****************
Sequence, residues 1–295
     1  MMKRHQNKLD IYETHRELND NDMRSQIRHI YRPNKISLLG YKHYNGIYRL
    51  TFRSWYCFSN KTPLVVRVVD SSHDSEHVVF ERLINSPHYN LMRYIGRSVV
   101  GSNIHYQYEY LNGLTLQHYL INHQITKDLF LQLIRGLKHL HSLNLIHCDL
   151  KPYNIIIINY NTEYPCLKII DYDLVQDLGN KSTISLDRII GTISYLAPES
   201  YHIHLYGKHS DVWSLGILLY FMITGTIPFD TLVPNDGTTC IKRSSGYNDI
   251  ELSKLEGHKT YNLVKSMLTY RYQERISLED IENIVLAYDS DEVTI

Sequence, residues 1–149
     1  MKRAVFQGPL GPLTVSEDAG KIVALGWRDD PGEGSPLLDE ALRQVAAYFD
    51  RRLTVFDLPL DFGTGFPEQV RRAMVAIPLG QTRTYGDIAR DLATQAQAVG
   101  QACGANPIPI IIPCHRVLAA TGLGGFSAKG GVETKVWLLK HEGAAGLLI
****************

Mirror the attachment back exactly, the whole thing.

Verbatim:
Sequence, residues 1–295
     1  MMKRHQNKLD IYETHRELND NDMRSQIRHI YRPNKISLLG YKHYNGIYRL
    51  TFRSWYCFSN KTPLVVRVVD SSHDSEHVVF ERLINSPHYN LMRYIGRSVV
   101  GSNIHYQYEY LNGLTLQHYL INHQITKDLF LQLIRGLKHL HSLNLIHCDL
   151  KPYNIIIINY NTEYPCLKII DYDLVQDLGN KSTISLDRII GTISYLAPES
   201  YHIHLYGKHS DVWSLGILLY FMITGTIPFD TLVPNDGTTC IKRSSGYNDI
   251  ELSKLEGHKT YNLVKSMLTY RYQERISLED IENIVLAYDS DEVTI

Sequence, residues 1–149
     1  MKRAVFQGPL GPLTVSEDAG KIVALGWRDD PGEGSPLLDE ALRQVAAYFD
    51  RRLTVFDLPL DFGTGFPEQV RRAMVAIPLG QTRTYGDIAR DLATQAQAVG
   101  QACGANPIPI IIPCHRVLAA TGLGGFSAKG GVETKVWLLK HEGAAGLLI